He is greatly venerated in the Eastern Orthodox Church, in which he is also the patron saint of gardeners and winegrowers.[7] In Serbia and Bulgaria, St Tryphon is celebrated by vine growers.[7][8] The celebrations are a fertility rite intended to encourage the growth of the vines, and it is also thought that human infertility can be cured on this day.[9]

In Russia, Tryphon is venerated as a patron of birds.[4] In Russian icons of the saint, he is often shown holding a falcon,[4] a reference to a miracle attributed to his intercessions. Prayers attributed to him are used against infestations of rodents and locusts; one such prayer appears in the Great Euchologion.[10] Saint Trifon is often depicted with a merlin on hand as he was traditionally venerated by Moscow hunters.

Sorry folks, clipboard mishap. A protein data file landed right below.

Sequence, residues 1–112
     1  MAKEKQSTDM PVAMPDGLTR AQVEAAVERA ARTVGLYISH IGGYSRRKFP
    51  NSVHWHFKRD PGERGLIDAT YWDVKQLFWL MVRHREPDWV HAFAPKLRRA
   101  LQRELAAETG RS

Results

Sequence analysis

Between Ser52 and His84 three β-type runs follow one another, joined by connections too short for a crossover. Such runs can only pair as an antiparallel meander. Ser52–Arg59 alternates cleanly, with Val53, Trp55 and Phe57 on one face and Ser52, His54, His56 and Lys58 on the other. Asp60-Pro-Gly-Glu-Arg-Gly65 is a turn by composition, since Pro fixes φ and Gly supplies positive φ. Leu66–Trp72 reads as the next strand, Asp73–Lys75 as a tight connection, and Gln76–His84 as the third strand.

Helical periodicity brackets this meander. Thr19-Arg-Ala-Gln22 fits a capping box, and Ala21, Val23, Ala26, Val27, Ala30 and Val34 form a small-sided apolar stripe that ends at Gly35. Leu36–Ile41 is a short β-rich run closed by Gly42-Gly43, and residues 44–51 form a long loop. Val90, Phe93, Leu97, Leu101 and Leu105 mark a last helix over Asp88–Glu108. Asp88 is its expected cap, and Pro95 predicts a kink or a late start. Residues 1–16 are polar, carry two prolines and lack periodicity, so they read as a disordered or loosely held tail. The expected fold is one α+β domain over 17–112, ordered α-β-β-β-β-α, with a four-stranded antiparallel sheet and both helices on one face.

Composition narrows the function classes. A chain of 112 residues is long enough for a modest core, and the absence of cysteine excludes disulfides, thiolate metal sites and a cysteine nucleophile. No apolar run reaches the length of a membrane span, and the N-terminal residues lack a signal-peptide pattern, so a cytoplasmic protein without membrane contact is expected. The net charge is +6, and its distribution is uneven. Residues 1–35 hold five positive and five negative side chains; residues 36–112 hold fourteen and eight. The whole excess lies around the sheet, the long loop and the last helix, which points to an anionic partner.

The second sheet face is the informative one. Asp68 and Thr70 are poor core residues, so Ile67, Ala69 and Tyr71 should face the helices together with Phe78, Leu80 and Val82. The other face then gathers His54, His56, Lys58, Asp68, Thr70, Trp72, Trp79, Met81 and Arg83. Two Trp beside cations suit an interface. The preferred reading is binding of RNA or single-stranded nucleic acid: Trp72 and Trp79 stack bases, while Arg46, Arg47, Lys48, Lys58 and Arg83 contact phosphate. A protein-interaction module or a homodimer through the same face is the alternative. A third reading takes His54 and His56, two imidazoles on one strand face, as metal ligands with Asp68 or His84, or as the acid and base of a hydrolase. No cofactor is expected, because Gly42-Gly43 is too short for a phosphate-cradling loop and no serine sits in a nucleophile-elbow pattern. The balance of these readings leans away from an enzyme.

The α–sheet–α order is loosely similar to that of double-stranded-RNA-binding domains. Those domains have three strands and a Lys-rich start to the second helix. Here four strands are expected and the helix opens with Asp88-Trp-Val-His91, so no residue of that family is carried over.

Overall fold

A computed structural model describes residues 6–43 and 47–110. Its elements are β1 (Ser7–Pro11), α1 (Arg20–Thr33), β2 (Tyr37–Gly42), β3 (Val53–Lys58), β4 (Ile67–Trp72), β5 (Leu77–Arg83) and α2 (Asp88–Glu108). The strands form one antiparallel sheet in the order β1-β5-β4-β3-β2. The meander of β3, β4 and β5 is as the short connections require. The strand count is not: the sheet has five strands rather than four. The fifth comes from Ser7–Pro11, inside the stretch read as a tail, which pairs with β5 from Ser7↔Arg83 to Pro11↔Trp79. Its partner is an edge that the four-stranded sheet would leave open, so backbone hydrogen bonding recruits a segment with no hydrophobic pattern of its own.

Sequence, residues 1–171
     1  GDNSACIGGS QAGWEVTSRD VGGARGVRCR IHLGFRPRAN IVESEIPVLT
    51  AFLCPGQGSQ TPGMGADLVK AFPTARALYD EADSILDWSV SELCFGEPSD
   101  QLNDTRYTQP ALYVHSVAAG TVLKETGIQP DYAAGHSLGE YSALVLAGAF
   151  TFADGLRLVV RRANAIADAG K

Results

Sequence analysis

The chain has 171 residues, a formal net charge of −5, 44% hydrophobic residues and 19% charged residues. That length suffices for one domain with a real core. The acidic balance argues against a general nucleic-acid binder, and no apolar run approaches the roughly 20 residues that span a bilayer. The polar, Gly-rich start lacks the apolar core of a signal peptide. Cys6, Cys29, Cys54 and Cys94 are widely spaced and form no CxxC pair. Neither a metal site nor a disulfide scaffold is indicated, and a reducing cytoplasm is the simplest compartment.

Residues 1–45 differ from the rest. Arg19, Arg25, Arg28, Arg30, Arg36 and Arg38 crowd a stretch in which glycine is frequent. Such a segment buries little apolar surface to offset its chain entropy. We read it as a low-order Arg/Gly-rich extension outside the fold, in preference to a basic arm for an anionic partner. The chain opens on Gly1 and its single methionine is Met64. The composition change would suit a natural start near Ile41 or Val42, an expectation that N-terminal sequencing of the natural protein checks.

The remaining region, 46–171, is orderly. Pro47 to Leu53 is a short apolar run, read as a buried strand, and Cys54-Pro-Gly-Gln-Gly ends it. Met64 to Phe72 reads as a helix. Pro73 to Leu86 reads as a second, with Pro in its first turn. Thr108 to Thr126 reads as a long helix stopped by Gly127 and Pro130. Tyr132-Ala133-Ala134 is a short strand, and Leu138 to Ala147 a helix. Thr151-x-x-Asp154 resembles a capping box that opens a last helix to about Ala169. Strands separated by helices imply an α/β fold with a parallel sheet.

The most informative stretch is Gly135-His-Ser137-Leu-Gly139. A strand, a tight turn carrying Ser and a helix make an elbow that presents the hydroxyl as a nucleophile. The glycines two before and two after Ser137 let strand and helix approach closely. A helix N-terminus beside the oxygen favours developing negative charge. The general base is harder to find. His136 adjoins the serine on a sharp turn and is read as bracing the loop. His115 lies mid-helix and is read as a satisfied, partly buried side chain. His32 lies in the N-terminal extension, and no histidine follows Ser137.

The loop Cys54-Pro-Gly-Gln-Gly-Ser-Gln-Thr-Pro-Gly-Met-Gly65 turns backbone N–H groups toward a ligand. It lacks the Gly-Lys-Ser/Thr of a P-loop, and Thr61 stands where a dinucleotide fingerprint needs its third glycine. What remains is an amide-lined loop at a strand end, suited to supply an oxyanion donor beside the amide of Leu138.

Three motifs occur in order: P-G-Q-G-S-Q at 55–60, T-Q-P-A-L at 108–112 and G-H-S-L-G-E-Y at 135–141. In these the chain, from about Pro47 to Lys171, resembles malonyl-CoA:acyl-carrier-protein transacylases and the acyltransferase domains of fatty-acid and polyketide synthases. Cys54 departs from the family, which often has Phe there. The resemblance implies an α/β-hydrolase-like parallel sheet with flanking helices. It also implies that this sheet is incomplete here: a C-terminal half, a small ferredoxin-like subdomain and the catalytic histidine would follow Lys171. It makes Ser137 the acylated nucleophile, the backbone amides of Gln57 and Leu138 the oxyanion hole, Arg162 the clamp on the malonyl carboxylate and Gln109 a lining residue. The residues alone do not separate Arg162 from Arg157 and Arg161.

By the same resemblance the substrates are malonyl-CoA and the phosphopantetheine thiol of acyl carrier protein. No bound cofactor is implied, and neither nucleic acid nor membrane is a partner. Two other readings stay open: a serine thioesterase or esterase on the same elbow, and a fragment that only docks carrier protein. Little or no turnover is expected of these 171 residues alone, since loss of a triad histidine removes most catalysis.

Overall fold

Many churches were dedicated to him, and the Eastern Emperor, Leo VI the Wise (d. 912), delivered a eulogy in Tryphon's honour. He is the protector saint of the town of Kotor in Montenegro, and one of the patron saints of Moscow.[4] The Cathedral of Saint Tryphon in Kotor is dedicated to him.

Relics[edit]

His relics were first buried in his native city of Campsada. Later on, they were translated to Constantinople, and then to Rome.[4][5] His head is kept in the Kotor Cathedral.[11]

Respicius and Nympha[edit]

In the latin Church, 10 November was formerly a feast day associated with Saint Tryphon and two other saints, of whom little is known: Respicius and Nympha.[2] While Saint Trypho is still listed in the Roman Martyrology, Respicius and Nympha have been omitted.

In about 1005, the monk Theodoric of Fleury wrote, on the basis of earlier written legends, an account of Tryphon in which Respicius appears as Tryphon's companion.[citation needed] The relics of both were preserved, together with those of a holy virgin named Nympha, at the Hospital of the Holy Ghost in Sassia. The church of this hospital was a cardinal's title, which, together with the relics of these saints, was transferred by Pope Pius V to the Church of St. Augustine in 1566.